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All around, he beholds a tinted mass: earth and sky, land and water, are seen by him only as expanses of varied colour. Everything is coloured, and the forms of nature are to him but tinted surfaces, whose outline consists simply of the bordering of one colour upon another. Below and around him is a far-reaching expanse of green,- above him, a mighty canopy of blue; and he feels that nothing could suit so well, for wide and permanent beholding, as this lively green of the earth, and the cool calm azure of the skies. But variegating those vast surfaces of blue and green, he sees spots and shadings of all diverse hues: the purple of the heath-clad mountains, the golden bloom of the furze upon their lower slopes, the rich mosaic of the autumnal woods, the grey of rocks and ruins, or the yellow of the waving cornfields. Above, by night, he sees the dark-blue expanse sparkling all over with the light of stars, or decked with a silvery veil by the radiance of the moon;-by day, he sees it checkered and sailed over by clouds, ever-changing in aspect, and at length bursting into the gorgeous magnificence of sunset, when clouds and sky are alike filled with richest colouring, with brilliant ever-shifting hues which at once dazzle and mock the gaze. All this is new to him. He has walked the earth for years, tasted its fruits, felt and understood many of its forms, -he has known how useful it is, but not till now does he comprehend its beauty. He stands amazed at the spectacle which his new-born vision reveals to him;-the sights are all strange, but not so the emotion which they produce in him. The same nameless pleasure, the same indescribable sensation of enjoyment, which now swells and thrills within him, he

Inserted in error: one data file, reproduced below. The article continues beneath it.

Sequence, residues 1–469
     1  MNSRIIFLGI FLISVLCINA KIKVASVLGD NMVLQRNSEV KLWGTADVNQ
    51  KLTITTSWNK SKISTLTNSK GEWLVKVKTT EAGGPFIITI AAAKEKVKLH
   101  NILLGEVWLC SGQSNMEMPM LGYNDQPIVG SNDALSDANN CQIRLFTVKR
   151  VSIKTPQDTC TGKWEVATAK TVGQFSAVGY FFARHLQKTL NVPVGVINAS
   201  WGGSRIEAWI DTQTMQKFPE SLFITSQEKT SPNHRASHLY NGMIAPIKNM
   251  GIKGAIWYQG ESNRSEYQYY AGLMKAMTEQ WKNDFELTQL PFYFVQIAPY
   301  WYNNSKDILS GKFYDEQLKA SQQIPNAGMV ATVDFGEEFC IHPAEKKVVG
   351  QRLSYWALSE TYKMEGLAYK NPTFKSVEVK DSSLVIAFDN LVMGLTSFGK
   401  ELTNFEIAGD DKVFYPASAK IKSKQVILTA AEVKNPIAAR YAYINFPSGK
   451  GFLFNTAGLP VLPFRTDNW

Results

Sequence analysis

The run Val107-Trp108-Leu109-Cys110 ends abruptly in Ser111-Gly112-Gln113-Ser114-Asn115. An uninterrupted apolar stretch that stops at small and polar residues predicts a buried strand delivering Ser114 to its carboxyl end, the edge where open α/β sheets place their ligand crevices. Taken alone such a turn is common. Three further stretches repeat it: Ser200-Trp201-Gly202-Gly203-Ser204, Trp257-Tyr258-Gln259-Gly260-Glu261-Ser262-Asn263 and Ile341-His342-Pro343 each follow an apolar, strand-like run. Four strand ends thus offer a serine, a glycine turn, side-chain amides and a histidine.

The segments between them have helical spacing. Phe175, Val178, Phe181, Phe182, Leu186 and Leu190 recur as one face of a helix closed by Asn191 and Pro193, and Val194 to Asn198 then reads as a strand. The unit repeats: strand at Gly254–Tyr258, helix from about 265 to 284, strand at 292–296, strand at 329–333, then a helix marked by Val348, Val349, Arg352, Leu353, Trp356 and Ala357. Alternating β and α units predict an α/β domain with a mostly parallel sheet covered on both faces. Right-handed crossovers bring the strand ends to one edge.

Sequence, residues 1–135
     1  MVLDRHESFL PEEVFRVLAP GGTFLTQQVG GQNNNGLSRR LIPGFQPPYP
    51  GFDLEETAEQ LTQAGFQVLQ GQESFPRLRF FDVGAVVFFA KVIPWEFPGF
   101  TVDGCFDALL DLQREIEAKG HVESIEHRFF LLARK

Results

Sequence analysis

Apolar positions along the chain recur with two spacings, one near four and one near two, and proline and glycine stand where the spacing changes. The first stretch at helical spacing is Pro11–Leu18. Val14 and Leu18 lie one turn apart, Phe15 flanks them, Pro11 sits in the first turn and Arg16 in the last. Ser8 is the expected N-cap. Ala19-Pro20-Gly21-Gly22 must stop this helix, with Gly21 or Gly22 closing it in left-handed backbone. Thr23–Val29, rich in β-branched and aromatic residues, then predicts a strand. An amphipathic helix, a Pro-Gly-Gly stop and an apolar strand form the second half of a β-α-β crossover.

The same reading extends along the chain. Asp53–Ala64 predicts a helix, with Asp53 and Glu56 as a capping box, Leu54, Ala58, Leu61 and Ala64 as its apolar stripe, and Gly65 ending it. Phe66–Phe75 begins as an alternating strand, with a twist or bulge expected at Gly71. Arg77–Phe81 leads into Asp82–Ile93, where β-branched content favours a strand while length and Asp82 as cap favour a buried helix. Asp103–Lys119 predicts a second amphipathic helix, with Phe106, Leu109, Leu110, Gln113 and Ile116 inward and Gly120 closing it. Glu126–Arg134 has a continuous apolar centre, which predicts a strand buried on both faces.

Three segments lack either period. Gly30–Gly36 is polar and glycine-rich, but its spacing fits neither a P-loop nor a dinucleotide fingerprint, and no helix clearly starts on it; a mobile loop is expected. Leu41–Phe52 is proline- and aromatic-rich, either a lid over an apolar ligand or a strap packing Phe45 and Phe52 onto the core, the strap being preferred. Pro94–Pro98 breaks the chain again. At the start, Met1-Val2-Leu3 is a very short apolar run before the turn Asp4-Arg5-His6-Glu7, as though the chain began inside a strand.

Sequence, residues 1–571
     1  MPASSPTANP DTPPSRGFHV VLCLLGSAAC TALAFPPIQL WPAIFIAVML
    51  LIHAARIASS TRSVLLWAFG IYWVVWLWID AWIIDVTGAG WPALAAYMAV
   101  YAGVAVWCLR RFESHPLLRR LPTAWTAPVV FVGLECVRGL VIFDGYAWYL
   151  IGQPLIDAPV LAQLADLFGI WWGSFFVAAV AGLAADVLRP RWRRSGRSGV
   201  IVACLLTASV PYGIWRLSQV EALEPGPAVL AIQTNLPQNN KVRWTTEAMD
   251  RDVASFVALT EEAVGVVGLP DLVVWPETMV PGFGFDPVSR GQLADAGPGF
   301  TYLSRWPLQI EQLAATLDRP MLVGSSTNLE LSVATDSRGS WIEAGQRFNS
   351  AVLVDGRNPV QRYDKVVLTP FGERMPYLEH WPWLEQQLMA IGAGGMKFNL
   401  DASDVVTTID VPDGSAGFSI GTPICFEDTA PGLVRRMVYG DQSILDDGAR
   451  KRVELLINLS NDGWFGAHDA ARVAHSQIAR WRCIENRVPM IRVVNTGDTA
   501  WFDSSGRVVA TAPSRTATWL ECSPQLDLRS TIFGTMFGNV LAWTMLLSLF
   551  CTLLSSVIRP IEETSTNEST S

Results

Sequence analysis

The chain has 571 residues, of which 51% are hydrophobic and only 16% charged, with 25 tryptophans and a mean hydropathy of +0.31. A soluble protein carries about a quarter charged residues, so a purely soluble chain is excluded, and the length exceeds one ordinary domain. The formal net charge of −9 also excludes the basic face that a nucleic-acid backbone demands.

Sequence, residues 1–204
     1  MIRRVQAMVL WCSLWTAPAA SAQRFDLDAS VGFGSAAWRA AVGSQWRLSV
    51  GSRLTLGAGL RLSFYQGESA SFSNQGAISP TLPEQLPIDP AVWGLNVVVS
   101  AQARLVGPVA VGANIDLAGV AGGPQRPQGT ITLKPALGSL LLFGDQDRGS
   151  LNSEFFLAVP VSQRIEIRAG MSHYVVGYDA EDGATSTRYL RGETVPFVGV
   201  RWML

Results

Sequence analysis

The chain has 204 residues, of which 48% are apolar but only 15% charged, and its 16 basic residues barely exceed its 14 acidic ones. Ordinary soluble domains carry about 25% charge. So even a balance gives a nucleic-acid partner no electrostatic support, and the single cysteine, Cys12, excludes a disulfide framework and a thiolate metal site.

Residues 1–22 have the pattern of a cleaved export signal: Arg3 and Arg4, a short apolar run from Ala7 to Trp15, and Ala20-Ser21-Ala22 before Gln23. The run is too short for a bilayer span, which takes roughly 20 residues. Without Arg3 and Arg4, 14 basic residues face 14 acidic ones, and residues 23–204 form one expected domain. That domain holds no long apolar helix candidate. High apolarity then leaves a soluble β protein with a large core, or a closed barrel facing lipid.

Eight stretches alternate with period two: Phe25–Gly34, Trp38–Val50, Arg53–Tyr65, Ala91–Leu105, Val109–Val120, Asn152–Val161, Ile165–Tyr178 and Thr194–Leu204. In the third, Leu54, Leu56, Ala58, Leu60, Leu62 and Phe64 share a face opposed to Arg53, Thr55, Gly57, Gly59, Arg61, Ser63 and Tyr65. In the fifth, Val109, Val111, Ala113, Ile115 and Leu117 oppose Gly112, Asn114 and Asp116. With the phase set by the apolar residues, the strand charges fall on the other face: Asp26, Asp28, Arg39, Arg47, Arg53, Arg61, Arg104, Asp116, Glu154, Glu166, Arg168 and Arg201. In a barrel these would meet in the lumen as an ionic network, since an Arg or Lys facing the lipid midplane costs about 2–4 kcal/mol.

has felt before, when listening to the strains of music, or when some loveborn joy has set the chords of his heart a-vibrating. It is a joyous excitement,-he nor any man can tell you no more; but he knows from previous experience that it is a sigu of the soul having found something in rare harmony with itself.

A garden-or those graceful crystal pavilions which are now devoted to the culture and display of fine exotic plants and flowers-is the place where beauty of colour may be seen in its greatest variety and perfection. There colour is seen in peculiar gorgeousness, and combined with so much else that is attractive, as to constitute Flowers but another name for the beautiful. The most distinguished of Transatlantic writers,† in a burst of enthusiasm, styles them "Earth's raptures and aspirations-her better moments—her lucid intervals." Certainly they are the lovely offspring of earth's brightest hours; and so ravishing are they, from the blended charms of brilliant colour, graceful form, and exquisite odour, that no one need wonder that they should be chosen for so many sweet purposes of life, or to symbolise in the poetic regions of the South the language and emotions of mankind. "The greatest men have always thought much of flowers. Luther always kept a flower in a glass, on his writing-table; and when he was waging his great public controversy with Eckius, he kept a flower in his hand. Lord Bacon has a beautiful passage about flowers. As to Shakespeare, he is a perfect Alpine valley, he is full of flowers; they spring, and blossom, and wave in every cleft of his mind. Witness the Midsummer Night's Dream. Even Milton, cold, serene, and stately as he is, breaks forth into exquisite